Develop Partnering Relationships Assignment
MacDonald’s is a famous fast food chain whose specialty have been the burger but over the years company is moved fast in the market and many different eateries are launched across the world. In last 10 years company has aggressively forayed in emerging markets and have established footprints before the growth curve for the market began. One can see markets of Brazil and India where MacDonald’s is now a known and trusted brand. As we have pointed out, there is a lot of complexity that will have to be mastered to have these types of capabilities. It is best attacked on multiple fronts to have the various capabilities. This is largely because a single solution for Me Marketing does not yet exist. Thus, consumer goods manufacturers will have to develop partnering relationships, invest in the right people/processes/technology to sustain the new capability, begin obtaining and understanding a deeper level of loyalty data, obtain predictive modeling expertise to link offers and activities to promotional outcomes, and do all of this in new mobile mechanisms.
Supply chain wonder
In contrast, McDonald’s has posted a healthy 20% net profit margin for each of the last three years, a trend which is reflected in its three-year weighted ROA of 16% this year. This, coupled with respect from the voting community, nudged McDonald’s — by the slimmest of margins, with a composite score only slightly ahead of Amazon’s — into the No. 2 slot.
Both have leading practices to share with the supply chain community. McDonald’s stands out with strong new product launch capabilities, excellence in execution consistency coupled with a recent re-emphasis on a strong customer experience, advanced demand sensing and forecasting capabilities across geographies, and an impressive supplier collaboration framework and philosophy that underpins its “never-stockout” mindset.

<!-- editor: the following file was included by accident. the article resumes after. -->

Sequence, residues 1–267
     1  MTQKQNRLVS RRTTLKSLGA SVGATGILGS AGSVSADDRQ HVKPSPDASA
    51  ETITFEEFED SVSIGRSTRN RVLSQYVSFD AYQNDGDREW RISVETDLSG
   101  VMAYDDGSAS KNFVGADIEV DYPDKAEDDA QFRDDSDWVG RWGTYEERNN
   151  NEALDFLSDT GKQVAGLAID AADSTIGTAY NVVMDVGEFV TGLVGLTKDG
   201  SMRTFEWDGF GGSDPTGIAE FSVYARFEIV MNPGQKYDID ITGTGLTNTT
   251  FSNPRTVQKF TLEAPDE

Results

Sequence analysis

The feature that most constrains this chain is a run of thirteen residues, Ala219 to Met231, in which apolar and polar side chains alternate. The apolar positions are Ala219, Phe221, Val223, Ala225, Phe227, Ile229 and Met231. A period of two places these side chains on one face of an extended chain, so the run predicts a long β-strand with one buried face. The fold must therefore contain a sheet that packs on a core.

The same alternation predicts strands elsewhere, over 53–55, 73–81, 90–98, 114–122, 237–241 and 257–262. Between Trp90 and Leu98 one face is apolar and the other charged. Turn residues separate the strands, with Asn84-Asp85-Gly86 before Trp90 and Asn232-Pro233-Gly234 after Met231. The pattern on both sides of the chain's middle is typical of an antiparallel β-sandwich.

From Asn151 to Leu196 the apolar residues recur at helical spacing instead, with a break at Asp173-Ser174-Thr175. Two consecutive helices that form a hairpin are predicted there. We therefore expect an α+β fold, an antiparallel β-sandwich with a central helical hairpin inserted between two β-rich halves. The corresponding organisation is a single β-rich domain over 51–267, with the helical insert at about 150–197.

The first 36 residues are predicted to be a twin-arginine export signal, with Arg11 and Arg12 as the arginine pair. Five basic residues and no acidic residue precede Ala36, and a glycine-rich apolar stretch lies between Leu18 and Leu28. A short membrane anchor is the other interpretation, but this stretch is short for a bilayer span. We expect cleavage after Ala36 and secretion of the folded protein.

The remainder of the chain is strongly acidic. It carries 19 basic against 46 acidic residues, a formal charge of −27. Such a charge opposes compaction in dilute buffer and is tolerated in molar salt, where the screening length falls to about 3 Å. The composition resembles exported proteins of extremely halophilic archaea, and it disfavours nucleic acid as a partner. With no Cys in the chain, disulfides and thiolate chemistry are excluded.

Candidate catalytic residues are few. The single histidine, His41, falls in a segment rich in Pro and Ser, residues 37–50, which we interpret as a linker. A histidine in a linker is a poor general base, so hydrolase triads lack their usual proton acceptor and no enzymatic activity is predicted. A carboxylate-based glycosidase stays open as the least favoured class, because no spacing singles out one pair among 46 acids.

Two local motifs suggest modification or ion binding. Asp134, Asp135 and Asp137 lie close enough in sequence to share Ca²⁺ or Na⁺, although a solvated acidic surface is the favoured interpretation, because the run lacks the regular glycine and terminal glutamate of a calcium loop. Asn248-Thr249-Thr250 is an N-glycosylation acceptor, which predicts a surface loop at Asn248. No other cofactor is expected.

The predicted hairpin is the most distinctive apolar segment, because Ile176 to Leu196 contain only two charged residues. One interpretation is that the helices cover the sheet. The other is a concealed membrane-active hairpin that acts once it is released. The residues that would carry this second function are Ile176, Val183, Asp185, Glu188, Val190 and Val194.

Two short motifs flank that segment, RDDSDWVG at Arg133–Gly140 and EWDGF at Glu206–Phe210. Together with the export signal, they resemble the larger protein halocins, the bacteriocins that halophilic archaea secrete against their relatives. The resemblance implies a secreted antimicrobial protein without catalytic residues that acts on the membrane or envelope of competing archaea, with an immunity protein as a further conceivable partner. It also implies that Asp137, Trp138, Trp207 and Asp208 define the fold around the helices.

McDonald’s has moved from a system of manual quality measurements for its bakery to a photo analysis system that assesses bun size, shape, color and sesame seed distribution — automatically adjusting ovens and processes thereby saving thousands of pounds in wasted product per year. Operational technologies are not only consumers of data for process automation, but also valuable sources of data for operational and strategic purposes.
Five Forces Analysis.
Bargaining power of customers: It has generally increased over the period of time with huge changes in dynamics of the industry whole gamut of offerings.
Bargaining Power of Suppliers: Suppliers of potato and key raw materials are becoming highly demanding and hence the cost has been escalated for the company.
Threat of New entrant: There have been many new entrant in the business although McDonalds as a brand is winning as of now
Threat of Substitute Product: Industry dynamics are growing and ever-changing. This is the reason why threat of substitute is very high.
Competitive rivalry: Competitive rivalry is huge in the business.
Product Life Cycle:
Product has presence in growth markets and in mature markets and hence one can attribute major region as emerging markets. The company as a whole is still passing through growth stage.
- In service industry quality is the main criteria, you main focus should be on quality management.
- Believe in localisation in products but global view on standards to be followed.
Service industry is very critical in survival of most of the countries and it is the organisation which are part of the same which will help them. Corporations should focus on new markets, with local view and then make it presence in the market. We can see example of how Mcdonalds of how they have done it. With this perspective we would suggest Starbucks to move into emerging markets.
- Dianne H.B. Welsh, Peter Raven, Nasser Al-Mutair, (2008) “Starbucks International enters Kuwait”, Journal of Consumer Marketing, Vol. 15 Iss: 2, pp.191 – 197
- Joan F. Marques, (2008) “Spiritual performance from an organizational perspective: the Starbucks way”, Corporate Governance, Vol. 8 Iss: 3, pp.248 – 257
- Anne P. Crick (2011), New Third Places: Opportunities and Challenges, in Arch G. Woodside (ed.) Tourism Sensemaking: Strategies to Give Meaning to Experience (Advances in Culture, Tourism and Hospitality Research, Volume 5), Emerald Group Publishing Limited, pp.63-77